Managing time-triggered events with Zeit

Alarms and Timers

Zeit also allows you to set alarms and timers. You can access the alarms via Tools | Alarm or by pressing Ctrl+L. In the dialog box, you then need to add a description for the alarm, an audio player including the music file to be played, and the times at which you want the alarm to be triggered (Figure 4).

Figure 4: A Zeit alarm can play back sounds with a media player such as VLC.

The Timer dialog box looks almost identical to Figure 4. There is only one additional selection box, labeled Show OSD notification, for a Notification window that controls whether Zeit displays a message on the desktop when the timer expires. You can access the function via Tools | Timer or by pressing Ctrl+T.


If Zeit is not your cup of tea, there are also quite a few web-based tools that at least make it easier to create crontab entries. One candidate, crontab guru [6], lets you first formulate the entry in the web interface and then transfer the results to your system's crontab (Figure 5).

Figure 5: The crontab guru website helps to formulate the crontab entry.

I found the description above the gray input field in crontab guru very helpful because it translates the crontab specification into plain English. The gray field in the middle is an input box where you can edit the value directly, upon which the description changes. Below the input field, you will find explanations for the columns – minute, hour, day, month, and weekday – as well as the values allowed for each column.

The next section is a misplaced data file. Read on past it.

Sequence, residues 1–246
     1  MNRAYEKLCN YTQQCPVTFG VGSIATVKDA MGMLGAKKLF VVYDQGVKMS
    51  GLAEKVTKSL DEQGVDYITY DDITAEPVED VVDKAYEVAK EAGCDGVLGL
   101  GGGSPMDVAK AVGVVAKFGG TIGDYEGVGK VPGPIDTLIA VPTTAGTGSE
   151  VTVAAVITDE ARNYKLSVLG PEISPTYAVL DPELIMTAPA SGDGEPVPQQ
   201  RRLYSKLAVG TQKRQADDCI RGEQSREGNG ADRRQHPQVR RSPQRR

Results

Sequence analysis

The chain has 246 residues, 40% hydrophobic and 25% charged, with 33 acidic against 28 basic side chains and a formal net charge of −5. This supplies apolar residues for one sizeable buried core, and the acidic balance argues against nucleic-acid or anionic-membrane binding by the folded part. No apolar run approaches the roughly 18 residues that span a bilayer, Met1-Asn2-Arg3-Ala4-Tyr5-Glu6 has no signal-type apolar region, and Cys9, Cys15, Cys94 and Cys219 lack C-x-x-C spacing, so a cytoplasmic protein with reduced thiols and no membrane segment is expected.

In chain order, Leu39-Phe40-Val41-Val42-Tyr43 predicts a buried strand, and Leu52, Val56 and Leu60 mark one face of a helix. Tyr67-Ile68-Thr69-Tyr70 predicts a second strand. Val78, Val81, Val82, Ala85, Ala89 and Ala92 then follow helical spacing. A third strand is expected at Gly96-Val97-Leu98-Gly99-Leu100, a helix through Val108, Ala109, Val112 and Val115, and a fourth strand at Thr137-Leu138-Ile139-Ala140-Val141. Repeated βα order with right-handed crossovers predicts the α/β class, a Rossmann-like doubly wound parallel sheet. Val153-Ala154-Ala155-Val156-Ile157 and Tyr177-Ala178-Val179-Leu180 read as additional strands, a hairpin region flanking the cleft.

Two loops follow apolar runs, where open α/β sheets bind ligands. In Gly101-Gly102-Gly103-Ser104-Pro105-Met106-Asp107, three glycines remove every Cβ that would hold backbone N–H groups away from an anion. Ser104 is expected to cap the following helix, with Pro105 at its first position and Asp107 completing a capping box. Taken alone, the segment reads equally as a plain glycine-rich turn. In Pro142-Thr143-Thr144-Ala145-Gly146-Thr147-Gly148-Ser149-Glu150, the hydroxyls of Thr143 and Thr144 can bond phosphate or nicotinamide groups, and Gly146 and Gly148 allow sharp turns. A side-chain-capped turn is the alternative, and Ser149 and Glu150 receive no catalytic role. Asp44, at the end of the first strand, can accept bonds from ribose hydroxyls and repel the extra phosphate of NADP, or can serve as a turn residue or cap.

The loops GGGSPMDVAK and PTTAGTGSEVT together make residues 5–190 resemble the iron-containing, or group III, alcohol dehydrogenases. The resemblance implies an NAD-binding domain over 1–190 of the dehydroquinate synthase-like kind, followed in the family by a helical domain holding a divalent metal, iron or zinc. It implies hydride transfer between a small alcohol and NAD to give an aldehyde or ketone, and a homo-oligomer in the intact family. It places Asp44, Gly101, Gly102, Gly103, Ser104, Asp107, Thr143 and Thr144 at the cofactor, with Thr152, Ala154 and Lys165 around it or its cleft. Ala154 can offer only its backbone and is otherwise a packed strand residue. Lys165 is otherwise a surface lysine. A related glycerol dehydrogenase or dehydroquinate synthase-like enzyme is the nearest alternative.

Crontab UI [7] is a web front end used primarily for servers. The tool, written in JavaScript (Figure 6), offers extensive options. In addition to the ability to directly edit crontab entries, it provides functions for backing up the crontab and for manually starting, pausing, and terminating jobs.

Figure 6: The web-based Crontab UI is especially useful on servers.


Zeit worked without any issues in testing and integrated cleanly with my system. The entries Zeit generated for crontab and at were also flawless (Figure 7), making it a promising tool for managing the time-triggered jobs.

Figure 7: The crontab table edited with Zeit is free of errors.

The Author

Frank Hofmann works on the road – preferably from Berlin, Geneva, and Cape Town – as a developer, trainer, and author. He is also the co-author of the book Debian Package Management (

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